As a sales manager, one of your many responsibilities is making sure that your team is contributing to top line growth. So when your salespeople miss their quota and don’t respond to simple incentives (like free catered lunch), it’s time to starting brainstorming some new ways to motivate your team.
While your first instinct may be to hire some fresh blood, quickly control that costly impulse. The holiday season is generally not perceived as a good time for staffing reorganization anyway. Your next thought might be to consider changing the compensation system, but as the Harvard Business Review discovered, that’s not an overnight fix.
Chances are that at some point during your career you’ve found yourself in a scenario similar to the one described above. Whether your team is in a temporary rut or a long-term dry spell, it can be difficult to motivate a group who feel defeated, run down, and discouraged. Maybe it’s not their fault. Your company’s products might need an update, the competition might be fierce, or the market just might be too tough right now for others to see you as business critical.
Losing your cool, however, won’t do you or your team any good. But there are some things you can do to help your team succeed. Below are a few tips on how to get more out of your sales team:
Have a Point Person
Although you’d like to be in the trenches with each of your sales teams, it’s just not realistic. That’s why it can help to hire a qualified mid-level manager who will oversee daily activities and work directly with team members to overcome challenges and weaknesses. Don’t, however, make the common mistake of simply promoting your top-performing salesperson; you’re likely to find out later that they don’t have the coaching or collaborative skills to lead an entire team. Bottom line: Hire smart and take your time.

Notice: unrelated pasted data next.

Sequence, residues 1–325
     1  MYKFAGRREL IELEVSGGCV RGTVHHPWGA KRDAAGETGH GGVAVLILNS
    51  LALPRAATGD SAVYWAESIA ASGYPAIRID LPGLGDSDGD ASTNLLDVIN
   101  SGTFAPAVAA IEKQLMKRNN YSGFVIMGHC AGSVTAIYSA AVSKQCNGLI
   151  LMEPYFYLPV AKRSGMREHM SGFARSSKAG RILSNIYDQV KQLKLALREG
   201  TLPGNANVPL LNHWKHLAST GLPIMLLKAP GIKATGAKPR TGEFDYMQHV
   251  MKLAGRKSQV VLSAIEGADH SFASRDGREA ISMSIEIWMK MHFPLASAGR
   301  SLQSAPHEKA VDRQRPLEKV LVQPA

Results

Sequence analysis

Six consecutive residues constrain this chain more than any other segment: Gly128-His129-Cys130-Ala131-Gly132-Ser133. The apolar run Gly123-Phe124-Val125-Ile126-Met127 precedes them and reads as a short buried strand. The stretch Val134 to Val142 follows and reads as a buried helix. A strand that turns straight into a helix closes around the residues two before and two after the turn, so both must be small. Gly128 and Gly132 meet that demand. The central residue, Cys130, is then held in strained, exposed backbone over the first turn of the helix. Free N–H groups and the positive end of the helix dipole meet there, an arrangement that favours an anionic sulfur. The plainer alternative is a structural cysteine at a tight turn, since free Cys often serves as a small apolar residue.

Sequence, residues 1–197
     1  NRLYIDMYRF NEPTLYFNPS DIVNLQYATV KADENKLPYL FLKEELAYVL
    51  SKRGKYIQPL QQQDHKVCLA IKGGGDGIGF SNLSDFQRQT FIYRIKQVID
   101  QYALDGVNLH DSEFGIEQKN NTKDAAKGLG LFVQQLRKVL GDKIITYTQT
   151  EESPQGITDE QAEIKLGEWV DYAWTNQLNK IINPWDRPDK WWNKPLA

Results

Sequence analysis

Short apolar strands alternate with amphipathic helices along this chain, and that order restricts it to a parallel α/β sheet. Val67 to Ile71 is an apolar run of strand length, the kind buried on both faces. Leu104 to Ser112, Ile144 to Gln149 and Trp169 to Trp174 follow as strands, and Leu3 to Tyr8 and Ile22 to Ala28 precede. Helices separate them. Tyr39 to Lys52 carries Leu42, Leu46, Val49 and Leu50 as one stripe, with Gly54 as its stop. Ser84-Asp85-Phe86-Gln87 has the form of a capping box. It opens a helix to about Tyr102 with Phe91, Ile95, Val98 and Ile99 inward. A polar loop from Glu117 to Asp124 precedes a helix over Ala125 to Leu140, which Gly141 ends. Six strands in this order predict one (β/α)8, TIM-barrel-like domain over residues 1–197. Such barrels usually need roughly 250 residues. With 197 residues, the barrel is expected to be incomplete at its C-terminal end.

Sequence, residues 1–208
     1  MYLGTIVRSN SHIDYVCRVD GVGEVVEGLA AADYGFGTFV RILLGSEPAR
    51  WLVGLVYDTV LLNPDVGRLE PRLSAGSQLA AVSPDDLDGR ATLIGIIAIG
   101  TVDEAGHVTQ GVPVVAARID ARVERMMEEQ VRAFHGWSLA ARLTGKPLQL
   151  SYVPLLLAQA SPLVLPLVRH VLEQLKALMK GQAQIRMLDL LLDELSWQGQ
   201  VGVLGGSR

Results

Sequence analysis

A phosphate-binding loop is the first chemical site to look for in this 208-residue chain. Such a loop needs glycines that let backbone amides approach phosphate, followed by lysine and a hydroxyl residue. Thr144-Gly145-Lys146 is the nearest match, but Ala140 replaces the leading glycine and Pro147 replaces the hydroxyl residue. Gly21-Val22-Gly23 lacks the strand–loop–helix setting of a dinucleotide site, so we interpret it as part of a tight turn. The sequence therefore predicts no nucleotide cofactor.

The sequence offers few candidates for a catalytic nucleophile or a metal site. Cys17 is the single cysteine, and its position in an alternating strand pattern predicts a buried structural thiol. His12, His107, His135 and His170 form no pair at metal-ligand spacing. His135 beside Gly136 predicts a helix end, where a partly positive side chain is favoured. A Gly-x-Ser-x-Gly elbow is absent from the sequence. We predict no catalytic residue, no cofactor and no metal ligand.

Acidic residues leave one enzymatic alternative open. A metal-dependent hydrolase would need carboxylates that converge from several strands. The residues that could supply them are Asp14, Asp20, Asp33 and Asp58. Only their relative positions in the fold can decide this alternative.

Provide Helpful Tools
Salespeople have a tough job to do, so don’t make it any harder than it already is. Give your agents access to sales tools that will decrease tedious administrative work so they can focus on the important things - like building customer relationships. For example, make the most out of your CRM. In addition, give your team industry and company reports that contain vital business information they need to understand their market and customers. This way, they don’t have to waste any time tracking down information and can spend more time selling.
Have you ever stopped to think that maybe your agents are feeling defeated because they lack the necessary selling skills to succeed? Sit down with your team to find out what struggles they’re facing and which areas they can improve with support. Then build a training program that will help fill in any gaps. Investing in your sales associates’ professional development will motivate them to work harder and be more productive.
Slow Things Down
One of the many reasons salespeople start to “check out” is that they’re overwhelmed. The last thing you want is for salespeople to perceive the office as this daunting place they have to navigate. Giving struggling employees a smaller stack of calls to work through is a great way to reignite the fire. They'll gain back confidence and avoid the burnout of intense extended sales pitch efforts.
Reward Sales Staff
People are motivated by a variety of things, so it’s important to create an environment that works for everyone. For example, financial incentives are important drivers for most (so don’t be a Scrooge with the bonuses); however, others favor support and recognition (like that Winner’s Circle trophy). Know what motivates each person to get the most out of them.
Amy Bible is the Director of Acquisition Sales at Dun & Bradstreet. She leads a team of almost 50 salespeople who focus on serving emerging businesses with various data solutions, including Hoover’s.
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